The School of Art Gallery at Kent State University will present “Legacy and Prospect: Faculty Work in Context 1913-1963.” The show will run from Sept. 18 – Oct. 17 in the School of Art Gallery, which is located on the second floor of the Art Building at 400 Janik Dr. in Kent.
Kent State’s School of Art has long been a leader in artistic research in Northeast Ohio. The only school in the region to offer an M.F.A. in studio art, and home to one of Ohio's largest art education programs, the School of Art has blazed a trail of support and guidance for the visual arts for nearly 100 years.
“As the school prepares to move to a new Center for the Visual Arts in 2016, we want to take a look back at some of our artists/faculty and the work they did during the first 50 plus years of the School of Art,” says Anderson Turner, director of galleries for the School of Art. “It’s an opportunity to pay homage to the important heritage and groundwork the school has created. We have also included in this exhibition several of the international artists that may have influenced our early faculty whose work we have in the School of Art collection.”
Artists featured in this exhibition are: Elmer Novotny, Robert Morrow, Harold Kitner, Robert Day, William Schock, Joe Wagner, Mary Ann Scherr, Hazel Janicki Schock, Barbara Morrow, Al Kieselbach, Miska Petersham, Ian Short, Marlene Mancini Frost, Robert Wick, Pablo Picasso, Paul Klee, Alexander Calder, Roy Lichtenstein, Andy Warhol, Toshiko Takaezu, Ben Shahn, Kathe Kollwitz, Ernst Kirchner, Max Beckmann, William Sommer, Henri Matisse, Marie Cassatt and Alberto Giacometti.
This exhibition was organized with the help of Professor Emeritus Richard Myers, who has spent several years compiling a history of the School of Art, and funded in part by the Ohio Arts Council.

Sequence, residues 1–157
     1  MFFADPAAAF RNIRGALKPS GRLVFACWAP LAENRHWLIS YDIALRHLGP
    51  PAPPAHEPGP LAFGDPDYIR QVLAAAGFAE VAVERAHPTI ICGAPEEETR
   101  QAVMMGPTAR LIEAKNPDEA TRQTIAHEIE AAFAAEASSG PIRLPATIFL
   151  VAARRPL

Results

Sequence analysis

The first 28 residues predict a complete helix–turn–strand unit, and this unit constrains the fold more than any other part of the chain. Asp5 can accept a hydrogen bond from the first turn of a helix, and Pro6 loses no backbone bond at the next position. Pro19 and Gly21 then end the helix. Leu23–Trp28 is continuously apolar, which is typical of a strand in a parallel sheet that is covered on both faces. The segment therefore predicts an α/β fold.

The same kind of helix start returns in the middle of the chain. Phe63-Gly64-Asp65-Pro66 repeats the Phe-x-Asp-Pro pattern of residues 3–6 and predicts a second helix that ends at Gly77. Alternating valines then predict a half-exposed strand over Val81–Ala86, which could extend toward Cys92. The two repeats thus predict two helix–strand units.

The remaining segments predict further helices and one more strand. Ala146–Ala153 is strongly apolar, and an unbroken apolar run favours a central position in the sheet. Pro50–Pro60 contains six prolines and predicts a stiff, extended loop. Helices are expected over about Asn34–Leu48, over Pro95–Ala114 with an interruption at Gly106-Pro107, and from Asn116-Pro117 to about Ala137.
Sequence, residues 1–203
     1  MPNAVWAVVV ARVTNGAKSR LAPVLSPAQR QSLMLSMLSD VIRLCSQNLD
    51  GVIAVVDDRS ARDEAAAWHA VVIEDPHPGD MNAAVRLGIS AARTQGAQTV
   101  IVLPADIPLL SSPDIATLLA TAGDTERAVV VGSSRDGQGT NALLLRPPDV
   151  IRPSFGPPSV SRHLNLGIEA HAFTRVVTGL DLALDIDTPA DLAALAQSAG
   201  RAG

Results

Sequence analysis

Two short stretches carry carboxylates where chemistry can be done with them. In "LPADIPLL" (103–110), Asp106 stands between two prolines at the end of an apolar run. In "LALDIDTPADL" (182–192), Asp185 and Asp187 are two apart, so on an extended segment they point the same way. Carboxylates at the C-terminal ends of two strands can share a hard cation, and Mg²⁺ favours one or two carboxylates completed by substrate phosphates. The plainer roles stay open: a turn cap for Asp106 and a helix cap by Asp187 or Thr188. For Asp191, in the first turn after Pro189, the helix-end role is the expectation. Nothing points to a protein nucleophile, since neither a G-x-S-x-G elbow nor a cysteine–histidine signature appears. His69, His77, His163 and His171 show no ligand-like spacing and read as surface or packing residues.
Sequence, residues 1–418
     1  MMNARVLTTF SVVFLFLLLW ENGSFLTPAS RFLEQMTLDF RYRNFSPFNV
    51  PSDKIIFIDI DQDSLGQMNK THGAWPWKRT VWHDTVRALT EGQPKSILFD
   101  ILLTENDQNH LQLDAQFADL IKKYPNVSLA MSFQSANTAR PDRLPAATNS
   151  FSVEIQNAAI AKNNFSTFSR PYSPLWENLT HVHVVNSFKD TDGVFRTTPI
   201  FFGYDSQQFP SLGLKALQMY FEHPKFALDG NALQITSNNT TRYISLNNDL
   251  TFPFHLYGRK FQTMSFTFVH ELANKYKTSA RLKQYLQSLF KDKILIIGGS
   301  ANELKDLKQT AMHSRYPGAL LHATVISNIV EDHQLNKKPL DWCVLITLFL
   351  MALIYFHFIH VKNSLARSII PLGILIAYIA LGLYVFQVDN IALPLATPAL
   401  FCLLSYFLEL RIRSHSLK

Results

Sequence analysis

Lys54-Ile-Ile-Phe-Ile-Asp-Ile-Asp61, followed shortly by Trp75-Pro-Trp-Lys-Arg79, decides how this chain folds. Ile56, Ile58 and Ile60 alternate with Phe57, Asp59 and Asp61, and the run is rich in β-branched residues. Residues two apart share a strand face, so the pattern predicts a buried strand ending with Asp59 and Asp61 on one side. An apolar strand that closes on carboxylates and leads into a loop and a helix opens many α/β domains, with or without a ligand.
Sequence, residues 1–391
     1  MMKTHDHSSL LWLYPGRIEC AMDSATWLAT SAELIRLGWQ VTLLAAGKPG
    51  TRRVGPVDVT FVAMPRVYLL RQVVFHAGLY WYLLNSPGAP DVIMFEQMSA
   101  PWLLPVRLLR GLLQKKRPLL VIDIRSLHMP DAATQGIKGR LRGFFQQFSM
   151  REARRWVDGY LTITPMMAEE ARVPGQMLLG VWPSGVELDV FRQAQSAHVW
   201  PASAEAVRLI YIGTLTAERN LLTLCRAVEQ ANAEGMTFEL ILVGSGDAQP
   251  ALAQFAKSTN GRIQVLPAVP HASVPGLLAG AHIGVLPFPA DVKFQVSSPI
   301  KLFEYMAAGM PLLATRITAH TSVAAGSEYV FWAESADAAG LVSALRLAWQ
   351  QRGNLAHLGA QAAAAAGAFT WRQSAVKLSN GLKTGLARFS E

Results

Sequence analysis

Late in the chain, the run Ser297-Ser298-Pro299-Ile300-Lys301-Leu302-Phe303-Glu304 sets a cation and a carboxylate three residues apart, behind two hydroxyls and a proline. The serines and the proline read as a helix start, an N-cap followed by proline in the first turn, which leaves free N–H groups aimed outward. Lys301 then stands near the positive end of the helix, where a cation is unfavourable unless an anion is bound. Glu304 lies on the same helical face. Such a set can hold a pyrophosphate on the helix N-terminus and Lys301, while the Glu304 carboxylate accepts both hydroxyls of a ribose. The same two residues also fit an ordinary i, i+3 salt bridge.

Contact: Anderson Turner, email@example.com, 330-672-1369.
Organized by Rose Bouthillier, Associate Curator
September 26, 2014 — January 18, 2015
Kirk Mangus (1952-2013) was an internationally recognized ceramicist, and a dedicated teacher and mentor for almost 30 years at Kent State University. His prolific output of ceramics and drawings drew on a multitude of influences, from comics to prehistoric animal figures, modernist abstraction, Japanese woodblock prints, and folk, Meso-American, and Asian and ceramic traditions. Kirk Mangus: Things Love is the artist’s first comprehensive museum survey. The exhibition explores the breadth of his practice, philosophy of making, and influence in the region and beyond. It includes a broad range of works, from smaller ceramics such as cups and mugs, to vases and vessels, and larger pots and sculptures. A selection of his drawings and sketchbooks are also included, showing his manner of processing the world as well as envisioning pieces in clay.